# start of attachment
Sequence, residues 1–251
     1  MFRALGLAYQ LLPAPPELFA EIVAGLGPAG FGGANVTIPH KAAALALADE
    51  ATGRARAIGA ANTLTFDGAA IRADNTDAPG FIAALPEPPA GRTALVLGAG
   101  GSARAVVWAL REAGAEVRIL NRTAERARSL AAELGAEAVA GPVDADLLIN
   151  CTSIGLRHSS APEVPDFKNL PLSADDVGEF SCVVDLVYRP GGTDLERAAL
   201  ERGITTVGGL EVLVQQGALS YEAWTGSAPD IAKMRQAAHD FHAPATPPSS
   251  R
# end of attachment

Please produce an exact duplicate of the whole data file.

Sequence, residues 1–251
     1  MFRALGLAYQ LLPAPPELFA EIVAGLGPAG FGGANVTIPH KAAALALADE
    51  ATGRARAIGA ANTLTFDGAA IRADNTDAPG FIAALPEPPA GRTALVLGAG
   101  GSARAVVWAL REAGAEVRIL NRTAERARSL AAELGAEAVA GPVDADLLIN
   151  CTSIGLRHSS APEVPDFKNL PLSADDVGEF SCVVDLVYRP GGTDLERAAL
   201  ERGITTVGGL EVLVQQGALS YEAWTGSAPD IAKMRQAAHD FHAPATPPSS
   251  R